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The next day we had to climb 1600 meters and so we started early to have some hours in the cool morning. The mountain seemed to be endless but half the way we were accompanied by a nice girl riding her road bike. Finally we made it and all four cyclists checked in the same hostel to spent three nights in Manizales, which belongs to the famous coffee region of Colombia. An hour by car, two volcanos with an altitude of over 4000 meters stick out in the horizon. I never had been that high, but after been asked of joining a 2000 meter downhill ride by bike I was breathing in the thin air in he next morning. A Austrian guy, David an me went up to 4150 meters by car and got some coca tea, before we were chasing down our mountainbikes. It was an awesome experience in an intense I never felt before on an offroad downhill track.

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After I had been back on solid ground I relaxed a bit and followed the invitation of the girl on the road bike,  we met before while cycling up the hill. The others stayed at the hostel, so it was only me who where collected at the hostel to attend the dinner at the place of the girl and it’s family. It was another intereting evening with a lot of talking only Spanish and by getting to know a wealthy family.
The next day Joanne, Tobias and I discovered the city with all of its churches and parks.

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During the day the colour yellow became the dominant colour in the streets, because Colombia had to play it’s second game in the Copa America against the favourite Brasil. The mood was growing and reached its top in the evening, where a joyful tension was filling the air. The soccer team of the Colombianos made their dream come true and after 14 years of not beating the big rail, they won 1:0 and Alm the town drowned in cheer.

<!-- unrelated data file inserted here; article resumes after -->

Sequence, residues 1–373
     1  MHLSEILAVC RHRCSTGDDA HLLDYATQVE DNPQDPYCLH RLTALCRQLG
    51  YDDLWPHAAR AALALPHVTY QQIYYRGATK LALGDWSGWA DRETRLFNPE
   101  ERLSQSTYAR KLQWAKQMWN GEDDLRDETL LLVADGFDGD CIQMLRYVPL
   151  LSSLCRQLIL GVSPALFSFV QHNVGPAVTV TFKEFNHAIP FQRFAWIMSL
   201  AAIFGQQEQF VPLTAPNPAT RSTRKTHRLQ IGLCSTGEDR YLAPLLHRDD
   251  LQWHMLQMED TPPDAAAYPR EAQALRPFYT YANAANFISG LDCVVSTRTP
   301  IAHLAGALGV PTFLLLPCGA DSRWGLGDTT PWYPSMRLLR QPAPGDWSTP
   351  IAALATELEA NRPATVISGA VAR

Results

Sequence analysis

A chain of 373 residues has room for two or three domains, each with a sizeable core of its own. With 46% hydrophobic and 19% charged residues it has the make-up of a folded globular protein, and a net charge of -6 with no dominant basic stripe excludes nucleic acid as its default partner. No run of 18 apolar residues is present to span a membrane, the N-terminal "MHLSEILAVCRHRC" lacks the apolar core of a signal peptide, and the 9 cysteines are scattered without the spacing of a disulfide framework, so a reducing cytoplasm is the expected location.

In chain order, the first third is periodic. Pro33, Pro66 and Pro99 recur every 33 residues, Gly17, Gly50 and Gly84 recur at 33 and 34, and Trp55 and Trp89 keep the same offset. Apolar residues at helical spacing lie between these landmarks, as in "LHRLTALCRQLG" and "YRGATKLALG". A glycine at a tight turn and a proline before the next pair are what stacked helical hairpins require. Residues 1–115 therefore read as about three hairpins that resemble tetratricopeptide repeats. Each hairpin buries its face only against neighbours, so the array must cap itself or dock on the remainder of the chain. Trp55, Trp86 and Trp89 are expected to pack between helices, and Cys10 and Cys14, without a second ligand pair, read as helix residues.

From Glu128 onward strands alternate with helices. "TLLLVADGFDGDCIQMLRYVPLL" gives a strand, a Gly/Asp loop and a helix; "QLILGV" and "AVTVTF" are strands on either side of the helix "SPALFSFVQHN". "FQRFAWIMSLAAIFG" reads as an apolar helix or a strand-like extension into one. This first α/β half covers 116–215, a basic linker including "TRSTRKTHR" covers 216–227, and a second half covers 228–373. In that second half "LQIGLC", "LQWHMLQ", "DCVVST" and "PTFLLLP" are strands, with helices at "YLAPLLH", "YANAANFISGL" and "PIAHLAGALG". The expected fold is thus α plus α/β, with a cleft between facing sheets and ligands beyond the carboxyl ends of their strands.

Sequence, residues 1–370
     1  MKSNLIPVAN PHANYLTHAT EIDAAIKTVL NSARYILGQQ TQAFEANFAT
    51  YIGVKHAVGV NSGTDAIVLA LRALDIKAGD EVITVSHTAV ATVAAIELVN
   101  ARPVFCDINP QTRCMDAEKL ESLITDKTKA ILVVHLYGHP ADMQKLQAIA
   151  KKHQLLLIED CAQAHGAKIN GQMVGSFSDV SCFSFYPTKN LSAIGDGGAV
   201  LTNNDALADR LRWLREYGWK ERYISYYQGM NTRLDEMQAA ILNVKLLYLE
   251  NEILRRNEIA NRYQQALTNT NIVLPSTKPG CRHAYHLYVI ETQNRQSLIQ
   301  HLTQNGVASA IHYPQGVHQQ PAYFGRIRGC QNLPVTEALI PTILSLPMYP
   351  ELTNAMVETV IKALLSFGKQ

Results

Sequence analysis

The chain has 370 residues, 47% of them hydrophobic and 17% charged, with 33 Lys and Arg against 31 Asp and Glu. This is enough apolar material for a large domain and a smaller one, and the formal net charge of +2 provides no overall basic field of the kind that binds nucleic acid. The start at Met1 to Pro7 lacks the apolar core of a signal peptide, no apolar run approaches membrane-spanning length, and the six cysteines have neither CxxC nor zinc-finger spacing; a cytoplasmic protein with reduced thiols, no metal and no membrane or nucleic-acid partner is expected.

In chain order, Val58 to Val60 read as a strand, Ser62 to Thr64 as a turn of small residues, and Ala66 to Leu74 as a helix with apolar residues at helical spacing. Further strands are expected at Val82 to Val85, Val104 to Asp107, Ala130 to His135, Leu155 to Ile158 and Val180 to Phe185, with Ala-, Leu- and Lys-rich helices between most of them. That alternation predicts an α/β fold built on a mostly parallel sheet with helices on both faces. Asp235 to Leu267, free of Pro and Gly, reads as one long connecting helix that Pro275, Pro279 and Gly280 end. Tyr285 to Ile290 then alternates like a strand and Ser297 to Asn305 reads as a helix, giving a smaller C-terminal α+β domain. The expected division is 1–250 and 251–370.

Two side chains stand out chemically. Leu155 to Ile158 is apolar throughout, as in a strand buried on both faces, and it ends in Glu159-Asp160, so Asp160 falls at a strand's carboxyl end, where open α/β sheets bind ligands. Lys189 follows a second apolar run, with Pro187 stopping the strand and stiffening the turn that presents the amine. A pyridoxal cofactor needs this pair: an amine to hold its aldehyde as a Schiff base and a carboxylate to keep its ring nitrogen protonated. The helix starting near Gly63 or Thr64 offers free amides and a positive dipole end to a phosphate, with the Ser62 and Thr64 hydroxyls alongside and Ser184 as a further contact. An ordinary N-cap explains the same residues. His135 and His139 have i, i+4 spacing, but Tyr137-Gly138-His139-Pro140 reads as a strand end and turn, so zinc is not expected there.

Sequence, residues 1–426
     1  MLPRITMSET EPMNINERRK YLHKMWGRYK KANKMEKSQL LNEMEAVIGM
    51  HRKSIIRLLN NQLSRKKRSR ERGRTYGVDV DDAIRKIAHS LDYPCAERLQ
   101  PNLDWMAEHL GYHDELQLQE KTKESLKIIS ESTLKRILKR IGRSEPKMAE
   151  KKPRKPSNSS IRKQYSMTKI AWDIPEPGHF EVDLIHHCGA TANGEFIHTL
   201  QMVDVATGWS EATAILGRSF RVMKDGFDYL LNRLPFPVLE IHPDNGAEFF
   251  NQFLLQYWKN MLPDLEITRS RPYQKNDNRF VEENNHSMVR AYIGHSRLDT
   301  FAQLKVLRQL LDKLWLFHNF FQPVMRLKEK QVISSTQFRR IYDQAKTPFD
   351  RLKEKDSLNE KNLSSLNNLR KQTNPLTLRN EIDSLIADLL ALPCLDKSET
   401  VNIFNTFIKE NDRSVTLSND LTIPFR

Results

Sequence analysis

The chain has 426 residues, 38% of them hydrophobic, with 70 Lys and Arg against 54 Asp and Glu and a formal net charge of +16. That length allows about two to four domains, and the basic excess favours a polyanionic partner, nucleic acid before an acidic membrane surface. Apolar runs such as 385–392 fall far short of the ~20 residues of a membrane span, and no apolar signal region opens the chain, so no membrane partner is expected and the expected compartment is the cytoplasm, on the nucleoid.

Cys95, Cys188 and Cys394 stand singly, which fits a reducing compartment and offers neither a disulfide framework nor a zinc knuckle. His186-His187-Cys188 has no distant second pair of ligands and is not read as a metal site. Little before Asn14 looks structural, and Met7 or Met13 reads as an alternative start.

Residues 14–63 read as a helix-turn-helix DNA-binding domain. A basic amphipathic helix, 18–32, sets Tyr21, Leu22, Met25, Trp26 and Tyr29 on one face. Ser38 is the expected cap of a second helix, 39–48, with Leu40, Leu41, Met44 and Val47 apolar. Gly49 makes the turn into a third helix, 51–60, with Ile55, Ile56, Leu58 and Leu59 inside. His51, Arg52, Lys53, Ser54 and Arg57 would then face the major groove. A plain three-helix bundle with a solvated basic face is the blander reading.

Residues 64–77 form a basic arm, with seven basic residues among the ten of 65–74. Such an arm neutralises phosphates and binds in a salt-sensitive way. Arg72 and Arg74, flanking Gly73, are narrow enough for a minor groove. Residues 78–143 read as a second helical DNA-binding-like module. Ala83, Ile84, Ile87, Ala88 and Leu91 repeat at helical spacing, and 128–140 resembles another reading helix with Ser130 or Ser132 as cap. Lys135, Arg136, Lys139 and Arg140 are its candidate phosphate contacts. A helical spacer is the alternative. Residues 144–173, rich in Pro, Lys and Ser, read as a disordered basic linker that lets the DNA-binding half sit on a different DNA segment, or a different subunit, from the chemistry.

Tobias and I left Manizales in the next morning, while Joanne and David stayed one night more, but the time will come to see each other again. The first few kilometers we flew down the mountain to go to Pereira, where we stayed at a Warmshowers place behind the down in a calm area. The house of the couple was amazing. Full of Fotos and painting, as well as books, records and heaps of well-chosen decoration. A garden with fruits, vegetables, herbs, chicken and coneys gave this beautiful place a complete character. The couple and their son traveled as well down south to Patagonia some months ago and provided us everything a bicycle heart needs to be pleased and feel comfortable.

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On the descent to Pereira, Tobias fell of his bike, but luckily nothing bad happens. But on the next day he favored his bruise on his upper leg, so that I went to Filandía alone, while he went ahead to our next stay. Filandía is famous for its beautiful and coloured buildings, as well as having some great Coffee Fincas around. So I enjoyed a coffee as well as a Hugo con leche in nice atmosphere in the center, before I went on to the similar but more touristic village Salento.